Europe After Rome: A New Cultural History 500-1000

by Julia Smith

Paperback, 2007



Call number




Oxford University Press (2007), Paperback, 384 pages


The 500 years following the collapse of the Roman Empire is still popularly perceived as Europe's 'Dark Ages', marked by barbarism and uniformity. Julia Smith's masterly book sweeps away this view, and instead illuminates a time of great vitality and cultural diversity. Through a combination of cultural history, regional studies, and gender history, she shows how men and women at all levels of society ordered their world, and she allows them to speak to the reader directly in their. own words. This is the first single-author study in over fifty years to offer an integrated appraisal of all asp

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Julia Smith takes a new approach to an old question: what was Europe like in the centuries after the prevailing power -- Rome -- went away? Rome disappeared as a political entity in the west; the conventional date of 476 CE marks the year of the deposing of the last western Roman Emperor . Rome's
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powerful influence in Europe in the subsequent centuries was tempered and altered by the flowering of a new diversity, as local cultural phenomena proliferated and interacted with established practices and traditions. If the notion of the Dark Ages were not already moribund, Professor Smith dispels any remaining doubt.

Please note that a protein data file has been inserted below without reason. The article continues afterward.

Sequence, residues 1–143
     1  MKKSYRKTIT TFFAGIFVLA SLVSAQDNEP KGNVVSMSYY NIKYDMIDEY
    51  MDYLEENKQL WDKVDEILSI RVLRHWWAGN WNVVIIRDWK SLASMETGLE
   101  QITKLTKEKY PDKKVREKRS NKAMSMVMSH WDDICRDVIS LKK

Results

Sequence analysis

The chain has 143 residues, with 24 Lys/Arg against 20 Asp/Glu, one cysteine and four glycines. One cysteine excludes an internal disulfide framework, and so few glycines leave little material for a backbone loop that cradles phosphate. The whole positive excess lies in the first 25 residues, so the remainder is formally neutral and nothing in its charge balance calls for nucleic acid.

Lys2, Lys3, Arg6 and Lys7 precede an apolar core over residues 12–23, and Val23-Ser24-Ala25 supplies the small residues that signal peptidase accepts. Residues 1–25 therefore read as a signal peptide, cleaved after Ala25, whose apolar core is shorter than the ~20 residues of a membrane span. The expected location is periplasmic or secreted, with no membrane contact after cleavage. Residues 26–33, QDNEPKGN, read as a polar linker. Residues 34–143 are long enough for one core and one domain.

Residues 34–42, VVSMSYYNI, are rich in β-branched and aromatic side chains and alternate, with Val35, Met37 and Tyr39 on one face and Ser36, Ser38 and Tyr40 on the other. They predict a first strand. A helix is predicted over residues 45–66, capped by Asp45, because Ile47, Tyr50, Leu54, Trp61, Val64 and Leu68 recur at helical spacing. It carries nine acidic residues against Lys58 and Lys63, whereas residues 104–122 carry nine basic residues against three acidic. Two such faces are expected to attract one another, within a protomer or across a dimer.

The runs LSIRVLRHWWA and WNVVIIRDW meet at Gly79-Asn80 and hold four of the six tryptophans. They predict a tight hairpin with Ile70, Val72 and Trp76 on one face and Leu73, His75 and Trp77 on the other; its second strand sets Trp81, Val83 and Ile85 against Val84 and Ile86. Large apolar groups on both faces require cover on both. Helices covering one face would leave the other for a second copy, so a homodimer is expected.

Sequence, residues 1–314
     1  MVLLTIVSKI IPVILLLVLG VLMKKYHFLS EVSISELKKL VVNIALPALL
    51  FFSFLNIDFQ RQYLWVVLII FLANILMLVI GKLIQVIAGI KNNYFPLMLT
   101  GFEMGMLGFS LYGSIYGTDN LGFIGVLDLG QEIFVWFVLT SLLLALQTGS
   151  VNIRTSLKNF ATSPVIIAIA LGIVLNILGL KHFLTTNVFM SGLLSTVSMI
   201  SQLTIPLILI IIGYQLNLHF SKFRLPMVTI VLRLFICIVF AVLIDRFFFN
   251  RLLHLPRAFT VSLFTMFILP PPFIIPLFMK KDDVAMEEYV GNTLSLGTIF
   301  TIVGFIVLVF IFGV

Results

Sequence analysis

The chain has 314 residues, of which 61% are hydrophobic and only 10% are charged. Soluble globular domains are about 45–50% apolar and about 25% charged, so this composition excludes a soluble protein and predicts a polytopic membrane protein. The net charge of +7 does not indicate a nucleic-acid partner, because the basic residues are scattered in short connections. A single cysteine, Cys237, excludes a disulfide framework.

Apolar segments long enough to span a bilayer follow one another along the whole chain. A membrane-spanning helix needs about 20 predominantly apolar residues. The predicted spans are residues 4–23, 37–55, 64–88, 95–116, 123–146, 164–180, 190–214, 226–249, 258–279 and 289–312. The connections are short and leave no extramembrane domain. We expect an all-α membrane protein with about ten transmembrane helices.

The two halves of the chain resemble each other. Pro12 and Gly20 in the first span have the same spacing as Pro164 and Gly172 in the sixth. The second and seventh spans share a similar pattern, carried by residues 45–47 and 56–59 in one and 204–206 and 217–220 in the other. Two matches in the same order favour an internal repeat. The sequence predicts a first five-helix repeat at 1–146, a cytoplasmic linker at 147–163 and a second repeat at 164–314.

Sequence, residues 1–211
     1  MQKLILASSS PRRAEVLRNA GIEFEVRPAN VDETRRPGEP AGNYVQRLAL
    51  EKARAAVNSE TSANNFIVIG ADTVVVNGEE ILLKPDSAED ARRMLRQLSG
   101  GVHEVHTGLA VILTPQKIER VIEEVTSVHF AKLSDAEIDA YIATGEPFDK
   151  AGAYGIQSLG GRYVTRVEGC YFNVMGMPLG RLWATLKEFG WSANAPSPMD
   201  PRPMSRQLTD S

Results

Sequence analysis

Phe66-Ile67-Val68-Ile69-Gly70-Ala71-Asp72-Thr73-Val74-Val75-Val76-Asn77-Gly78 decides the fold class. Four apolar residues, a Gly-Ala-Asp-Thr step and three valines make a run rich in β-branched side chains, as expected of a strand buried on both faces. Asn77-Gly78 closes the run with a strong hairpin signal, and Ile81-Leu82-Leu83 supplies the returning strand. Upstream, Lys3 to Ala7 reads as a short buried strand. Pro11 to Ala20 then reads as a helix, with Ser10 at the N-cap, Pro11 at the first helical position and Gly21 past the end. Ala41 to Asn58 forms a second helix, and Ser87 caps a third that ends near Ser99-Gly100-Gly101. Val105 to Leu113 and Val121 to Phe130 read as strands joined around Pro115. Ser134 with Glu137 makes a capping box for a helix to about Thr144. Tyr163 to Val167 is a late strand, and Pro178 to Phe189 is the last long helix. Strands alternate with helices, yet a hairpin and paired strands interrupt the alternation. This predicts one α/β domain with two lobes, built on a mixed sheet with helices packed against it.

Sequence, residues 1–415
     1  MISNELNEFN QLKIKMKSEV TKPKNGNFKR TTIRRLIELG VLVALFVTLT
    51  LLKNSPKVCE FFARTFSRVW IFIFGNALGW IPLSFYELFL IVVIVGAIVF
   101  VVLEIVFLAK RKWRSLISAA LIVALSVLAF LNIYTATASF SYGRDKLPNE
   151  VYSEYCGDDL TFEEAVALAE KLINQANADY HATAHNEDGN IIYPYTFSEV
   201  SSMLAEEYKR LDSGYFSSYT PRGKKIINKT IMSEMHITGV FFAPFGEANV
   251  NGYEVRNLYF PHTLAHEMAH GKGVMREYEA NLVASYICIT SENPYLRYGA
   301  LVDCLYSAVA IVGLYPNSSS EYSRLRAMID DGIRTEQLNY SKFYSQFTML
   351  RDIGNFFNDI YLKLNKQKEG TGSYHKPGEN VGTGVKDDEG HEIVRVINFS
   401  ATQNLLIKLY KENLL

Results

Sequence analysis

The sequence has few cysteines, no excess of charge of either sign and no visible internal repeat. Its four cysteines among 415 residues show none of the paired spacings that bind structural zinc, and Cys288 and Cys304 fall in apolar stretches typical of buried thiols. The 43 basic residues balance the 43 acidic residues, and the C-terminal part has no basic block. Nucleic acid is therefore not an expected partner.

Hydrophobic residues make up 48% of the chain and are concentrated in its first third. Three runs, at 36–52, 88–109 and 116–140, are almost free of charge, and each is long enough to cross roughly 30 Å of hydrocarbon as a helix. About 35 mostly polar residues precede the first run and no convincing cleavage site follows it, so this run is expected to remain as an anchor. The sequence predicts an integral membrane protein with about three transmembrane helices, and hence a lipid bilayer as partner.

What is truly new here is the methodology. This book is a cultural account, an anthropology of the post-Roman period. Its reads more like ethnography than history. It takes as its focus power structures, regional studies, gender history, and religious, social and cultural meanings. The result is a fresh, erudite reappraisal and vivifying of what was once seen as a barren inactive period. In Professor Smith's hands, we see it as anything but.
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Physical description

384 p.; 9.13 inches


0192892630 / 9780192892638

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